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Australian Resuscitation Council releases new guidelines relating to basic life support and CPR

Posted by | January 01, 1970 | General | No Comments

The Australian Resuscitation Council has released new guidelines dated December 2010 relating to basic life support and CPR. There are significant changes to the traditional DRABCD which has now been replaced with DRSABCD. A key change is the prompt to send for help and the commencement of compressions before providing two rescue breaths to a non-responsive/non-breathing casualty.

A major review has been undertaken of Priorities in an Emergency, Unconsciousness, Breathing and the commencement of Compressions.

Steps in resuscitation are now referred to as’ DRS ABCD’ – check for Danger – check for Response – ‘S’ has been added for Send for help – ‘A’ directs rescuers to open the Airway – ‘B’ directs rescuers to check Breathing but no need to deliver two rescue breaths – ‘C’ directs rescuers to perform 30 Compressions to victims who are unresponsive and not breathing normally, followed by 2 breaths – ‘D’ directs rescuers to attach an AED as soon as it is available • The major change is that in the victim who is unresponsive and not breathing normally, CPR commences with chest compressions rather than rescue breaths. • If unwilling / unable to perform rescue breathing, then perform compression only.

The new ARC Basic Life Support Flowchart

ARC Basic Life Support flow chart Dec 2010.JPG

 

Risk Response + Rescue has been monitoring the changes closely and will be amending training, assessment and life support protocols to reflect the new guidelines.

A summary of the major changes to Basic Life Support Guidelines dated December 2010 are;

GUIDELINE 2 – Priorities in an Emergency • Focus changed to cover a range of emergency situations not just cardiac arrest and includes collapsed and injured victims.

GUIDELINE 3 – Unconsciousness • Focus now on the breathing unconscious victim (the non breathing unconscious victim will now call under Guideline 8: CPR)

GUIDELINE 4 – Airway • Minor error in FBAO flowchart corrected

GUIDELINE 5 – Breathing • References to signs of life removed as these are open to interpretation and feedback from member organisations suggests that the term ‘signs of life’ is confusing. • Focus on unresponsive and not breathing normally as the indicators for resuscitation.

GUIDELINE 6 – Compressions • References to signs of life removed as these are open to interpretation and feedback from member organisations suggests that the term ‘signs of life’ is confusing. • Focus on unresponsive and not breathing normally as the indicators for resuscitation. • If unwilling / unable to perform rescue breathing, then perform compression only CPR. • Pulse check downgraded for health care professionals as it is an unreliable indicator of the need for resuscitation. • New focus on maintenance of CPR quality including recommendations to change rescuers every 2 minutes to decrease rescuer fatigue and maintain depth and rate of compressions. • New section on use of prompt devices in clinical use as a part of an overall strategy to improve quality of CPR. NEW GUIDELINE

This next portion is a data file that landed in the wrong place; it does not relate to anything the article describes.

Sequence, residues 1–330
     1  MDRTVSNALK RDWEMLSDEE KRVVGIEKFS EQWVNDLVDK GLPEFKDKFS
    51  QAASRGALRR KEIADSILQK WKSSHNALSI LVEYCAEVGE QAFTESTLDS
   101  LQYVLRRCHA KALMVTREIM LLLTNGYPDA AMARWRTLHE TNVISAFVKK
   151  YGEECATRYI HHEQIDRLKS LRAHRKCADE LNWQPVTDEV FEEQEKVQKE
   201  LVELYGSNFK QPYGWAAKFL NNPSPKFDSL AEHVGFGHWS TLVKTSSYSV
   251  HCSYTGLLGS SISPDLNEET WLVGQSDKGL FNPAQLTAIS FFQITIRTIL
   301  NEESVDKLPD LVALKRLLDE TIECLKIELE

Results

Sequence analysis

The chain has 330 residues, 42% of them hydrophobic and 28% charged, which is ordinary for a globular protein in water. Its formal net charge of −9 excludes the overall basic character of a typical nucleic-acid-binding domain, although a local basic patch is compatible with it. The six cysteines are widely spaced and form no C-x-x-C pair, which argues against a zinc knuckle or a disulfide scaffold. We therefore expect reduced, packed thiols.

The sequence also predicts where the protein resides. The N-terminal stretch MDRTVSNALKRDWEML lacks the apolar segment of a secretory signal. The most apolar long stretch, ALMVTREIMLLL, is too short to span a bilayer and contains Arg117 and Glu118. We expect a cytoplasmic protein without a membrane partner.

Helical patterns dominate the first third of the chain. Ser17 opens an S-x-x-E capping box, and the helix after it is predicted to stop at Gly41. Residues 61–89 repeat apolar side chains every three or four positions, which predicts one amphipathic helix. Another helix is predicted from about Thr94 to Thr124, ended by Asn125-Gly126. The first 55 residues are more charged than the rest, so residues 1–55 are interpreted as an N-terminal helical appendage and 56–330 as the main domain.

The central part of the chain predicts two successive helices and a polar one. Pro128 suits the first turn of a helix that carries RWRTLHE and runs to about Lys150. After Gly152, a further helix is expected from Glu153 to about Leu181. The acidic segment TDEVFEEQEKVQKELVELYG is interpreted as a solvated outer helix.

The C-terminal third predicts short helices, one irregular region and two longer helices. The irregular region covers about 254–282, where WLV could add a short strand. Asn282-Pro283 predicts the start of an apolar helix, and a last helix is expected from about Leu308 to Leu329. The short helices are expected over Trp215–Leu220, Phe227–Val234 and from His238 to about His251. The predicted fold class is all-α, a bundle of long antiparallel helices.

GUIDELINE 7 – AED Use In BLS • This is a new guideline recognising the role of AEDs as part of BLS in both out of hospital and in hospital environments. • Clear recommendations that training in AED use should be part of BLS education.

GUIDELINE 8 – CPR Changes as per airway, breathing, compressions and AED guidelines • Increase emphasis on bystander CPR as life saving intervention. • Compression: rescue breathing ratio remains at 30:2 • Steps in resuscitation are now DRS ABCD – check for Danger – check for Response – ‘S’ has been added for Send for help – ‘A’ directs rescuers to open the Airway – ‘B’ directs rescuers to check Breathing but no need to deliver two rescue breaths – ‘C’ directs rescuers to perform 30 Compressions to victims who are unresponsive and not breathing normally, followed by 2 breaths – ‘D’ directs rescuers to attach an AED as soon as it is available • The major change is that in the victim who is unresponsive and not breathing normally, CPR commences with chest compressions rather than rescue breaths. • If unwilling / unable to perform rescue breathing, then perform compression only

CPR. BLS FLOWCHART • Highlights ‘Send for help’ • Enables compression only CPR if unwilling / unable to perform rescue breathing. • in victims who are unresponsive and not breathing normally, CPR commences with chest compressions rather than rescue breaths.

GUIDELINE 10.1 – CPR Training • Regardless of the recency of CPR training or re-training, any attempt at resuscitation is better than no attempt and should be encouraged • Duration of CPR courses has not been determined. • Prompt / feedback devices can be used in training as an overall strategy to improve quality of CPR. • The optimal interval for retraining has not been established, but need for refresher training for individuals who are not performing resuscitation on a regular basis is recognised. • Recommendation that individuals trained in CPR should refresh their CPR skills at least annually (opposed to undertake assessment annually).

GUIDELINE 10.2 – CPR Instructor Competencies

DELETE GUIDELINE 10.3 – Cross Infection Risks & Manikin Disinfection • No major changes

GUIDELINE 10.5 – Legal And Ethical Issues • Is undergoing a major re-write and will be released in 2011.

The majority of Guidelines in Sections 11 – Adult Advanced Life Support,
12 – Paediatric Advanced Life Support , and 13 – Neonatal Guidelines
have been updated to December 2010.

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